Houston Police: "No overtime budget for essential police operations"

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Mayor Sylvester Turner speaks to the media at an apartment complex in southeast Houston. (KTRK)

A Houston grandmother's pleas to Mayor Sylvester Turner to "do something" about crime in her area are heartbreaking.

While the mayor cannot be expected to be everywhere or have officers everywhere, when we shared her thoughts with you early Wednesday morning, the mayor's office pointed to a recent police overtime increase he made.

RELATED: Grandmother of boy hit by stray bullet calling on mayor to clean up crime

We have investigated the way the city of Houston is funding crime fighting because when there is less money, there are fewer officers available.

Earlier this year, we noticed Houston Police Department response times were on the rise.

RELATED: Alarming rise in HPD response times to life-threatening emergency calls
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Ted Oberg Investigates looks at the reasons why Houston Police response time is so alarmingly high.

We hit the road and heard from officers who felt overworked. Police work depends on overtime hours to get the job done and this year, our investigation showed the mayor slashed the police department's overtime budget drastically.

In fact, Chief Art Acevedo told us earlier this year he basically had no operational overtime and that makes it very hard.

When Acevedo suggested at a city council meeting he may need more overtime dollars, the mayor sternly warned him to stay within budget.

Mayor Turner did recently add a million dollars to HPD's overtime budget, but that doesn't make it whole and it doesn't restore cuts.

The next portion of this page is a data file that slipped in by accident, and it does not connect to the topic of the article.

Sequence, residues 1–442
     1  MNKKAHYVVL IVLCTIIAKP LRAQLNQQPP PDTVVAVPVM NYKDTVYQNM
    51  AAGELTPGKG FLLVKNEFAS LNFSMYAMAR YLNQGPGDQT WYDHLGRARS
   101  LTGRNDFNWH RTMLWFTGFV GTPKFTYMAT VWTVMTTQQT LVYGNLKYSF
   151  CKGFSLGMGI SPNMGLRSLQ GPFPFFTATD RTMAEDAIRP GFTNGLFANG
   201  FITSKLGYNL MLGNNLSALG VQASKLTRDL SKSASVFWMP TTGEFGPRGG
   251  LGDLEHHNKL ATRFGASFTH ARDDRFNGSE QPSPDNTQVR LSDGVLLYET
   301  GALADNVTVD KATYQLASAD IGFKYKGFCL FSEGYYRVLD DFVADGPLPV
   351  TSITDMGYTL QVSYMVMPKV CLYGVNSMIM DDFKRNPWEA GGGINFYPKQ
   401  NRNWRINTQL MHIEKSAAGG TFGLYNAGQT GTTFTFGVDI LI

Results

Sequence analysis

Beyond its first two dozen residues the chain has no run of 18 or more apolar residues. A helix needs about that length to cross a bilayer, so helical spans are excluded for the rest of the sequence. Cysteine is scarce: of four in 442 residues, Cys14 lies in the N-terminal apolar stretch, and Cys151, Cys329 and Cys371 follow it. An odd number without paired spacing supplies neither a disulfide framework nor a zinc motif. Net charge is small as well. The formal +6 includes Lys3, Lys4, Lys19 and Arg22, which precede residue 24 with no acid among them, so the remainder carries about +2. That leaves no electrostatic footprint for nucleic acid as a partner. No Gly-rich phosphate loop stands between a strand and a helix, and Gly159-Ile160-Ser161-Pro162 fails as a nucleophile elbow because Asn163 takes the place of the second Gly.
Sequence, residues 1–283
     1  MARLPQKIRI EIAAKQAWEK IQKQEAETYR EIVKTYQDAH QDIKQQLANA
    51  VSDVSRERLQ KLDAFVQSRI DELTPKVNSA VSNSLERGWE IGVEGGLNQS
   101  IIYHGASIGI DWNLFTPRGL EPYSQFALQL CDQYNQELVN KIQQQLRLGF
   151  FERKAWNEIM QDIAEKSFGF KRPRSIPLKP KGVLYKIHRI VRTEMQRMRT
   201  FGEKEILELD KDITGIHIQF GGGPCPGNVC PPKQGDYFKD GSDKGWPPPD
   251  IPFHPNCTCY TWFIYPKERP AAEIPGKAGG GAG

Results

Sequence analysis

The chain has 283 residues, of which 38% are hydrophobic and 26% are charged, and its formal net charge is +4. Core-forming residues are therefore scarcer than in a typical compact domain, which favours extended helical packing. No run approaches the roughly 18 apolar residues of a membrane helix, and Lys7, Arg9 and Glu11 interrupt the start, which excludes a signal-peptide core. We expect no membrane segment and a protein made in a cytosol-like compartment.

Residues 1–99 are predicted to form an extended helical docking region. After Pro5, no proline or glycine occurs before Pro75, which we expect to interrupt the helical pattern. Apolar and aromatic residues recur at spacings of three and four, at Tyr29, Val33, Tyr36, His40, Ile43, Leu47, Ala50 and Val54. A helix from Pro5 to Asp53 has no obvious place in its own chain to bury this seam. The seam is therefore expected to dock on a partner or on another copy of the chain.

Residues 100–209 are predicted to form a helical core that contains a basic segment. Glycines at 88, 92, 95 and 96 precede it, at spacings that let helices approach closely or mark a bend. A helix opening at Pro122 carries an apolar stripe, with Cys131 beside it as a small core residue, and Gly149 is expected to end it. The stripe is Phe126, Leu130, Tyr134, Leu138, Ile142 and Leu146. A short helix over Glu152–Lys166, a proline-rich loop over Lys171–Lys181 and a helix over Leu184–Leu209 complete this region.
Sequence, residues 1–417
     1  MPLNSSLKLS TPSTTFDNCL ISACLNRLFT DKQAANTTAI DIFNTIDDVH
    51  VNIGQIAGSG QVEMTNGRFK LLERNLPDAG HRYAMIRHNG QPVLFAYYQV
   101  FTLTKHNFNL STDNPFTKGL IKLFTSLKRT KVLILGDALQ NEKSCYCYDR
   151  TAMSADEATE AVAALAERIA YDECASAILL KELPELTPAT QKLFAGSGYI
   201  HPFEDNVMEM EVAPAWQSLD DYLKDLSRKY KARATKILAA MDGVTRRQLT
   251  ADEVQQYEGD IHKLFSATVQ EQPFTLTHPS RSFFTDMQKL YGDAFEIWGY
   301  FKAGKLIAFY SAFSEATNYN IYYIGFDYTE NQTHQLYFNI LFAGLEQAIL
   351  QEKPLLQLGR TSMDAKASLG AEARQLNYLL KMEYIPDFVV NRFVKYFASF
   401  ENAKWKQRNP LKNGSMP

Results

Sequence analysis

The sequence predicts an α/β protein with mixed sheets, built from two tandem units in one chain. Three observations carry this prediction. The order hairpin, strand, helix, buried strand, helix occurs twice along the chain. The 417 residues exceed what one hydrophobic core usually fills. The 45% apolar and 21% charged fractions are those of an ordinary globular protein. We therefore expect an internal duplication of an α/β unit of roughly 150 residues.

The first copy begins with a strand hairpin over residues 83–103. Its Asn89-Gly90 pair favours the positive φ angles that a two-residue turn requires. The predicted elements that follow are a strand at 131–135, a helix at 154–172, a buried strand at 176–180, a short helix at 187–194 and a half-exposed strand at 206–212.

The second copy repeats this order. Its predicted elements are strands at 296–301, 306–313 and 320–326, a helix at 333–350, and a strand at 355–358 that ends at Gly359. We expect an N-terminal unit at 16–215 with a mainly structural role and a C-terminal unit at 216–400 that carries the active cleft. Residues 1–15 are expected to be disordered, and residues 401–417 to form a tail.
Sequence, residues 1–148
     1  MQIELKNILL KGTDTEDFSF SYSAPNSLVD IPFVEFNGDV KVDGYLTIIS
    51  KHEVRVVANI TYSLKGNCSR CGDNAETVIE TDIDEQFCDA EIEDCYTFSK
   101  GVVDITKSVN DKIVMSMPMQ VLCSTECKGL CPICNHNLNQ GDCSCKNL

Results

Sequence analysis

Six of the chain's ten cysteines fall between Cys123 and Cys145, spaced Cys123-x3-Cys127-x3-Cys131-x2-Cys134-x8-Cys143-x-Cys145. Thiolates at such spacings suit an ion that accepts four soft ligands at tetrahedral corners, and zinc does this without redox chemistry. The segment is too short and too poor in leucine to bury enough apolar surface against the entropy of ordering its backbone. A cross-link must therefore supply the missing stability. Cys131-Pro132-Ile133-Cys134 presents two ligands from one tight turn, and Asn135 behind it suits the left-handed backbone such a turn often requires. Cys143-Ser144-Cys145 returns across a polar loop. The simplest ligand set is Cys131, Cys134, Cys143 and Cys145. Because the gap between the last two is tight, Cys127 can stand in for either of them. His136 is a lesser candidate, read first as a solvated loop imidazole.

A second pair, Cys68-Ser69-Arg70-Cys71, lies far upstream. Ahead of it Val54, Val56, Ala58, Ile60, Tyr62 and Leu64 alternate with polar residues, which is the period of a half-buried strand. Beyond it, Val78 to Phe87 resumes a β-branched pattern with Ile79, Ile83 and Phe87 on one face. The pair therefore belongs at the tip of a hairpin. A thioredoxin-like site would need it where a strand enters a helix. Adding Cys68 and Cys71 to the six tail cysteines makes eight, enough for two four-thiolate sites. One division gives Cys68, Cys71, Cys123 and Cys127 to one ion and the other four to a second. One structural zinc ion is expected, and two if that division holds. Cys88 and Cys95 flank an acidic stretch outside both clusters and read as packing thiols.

When we asked about it, Turner insisted he is increasing the city's police budget.

"The police overtime budget in 2018 went from $4.5 to about $9.5 million and I just recently added $1 million for overtime specifically for this area," Turner said.

We can't find the numbers the mayor is talking about. We asked his office and the police department but haven't heard anything yet.
We looked at next year's police budget and the budgeted overtime does increase, but still is less than two years ago.

And when looking at the line-item proposed for the area where the shooting happened, Southeast Patrol, and its overtime budget, it's cut too.

Police department documents prepared for the upcoming budget talks say that in 2018 there was "no overtime budget for essential police operations such as SWAT, late call-outs, and events requiring police presence" and "decreased overtime for civilian staff which decreased the flexibility of civilian dispatch personnel during peak periods as well as decreased flexibility to meet state/federal regulations for reporting crime statistics."

The budget does add about 100 officer positions.

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crimehouston police departmentTed Oberg Investigates
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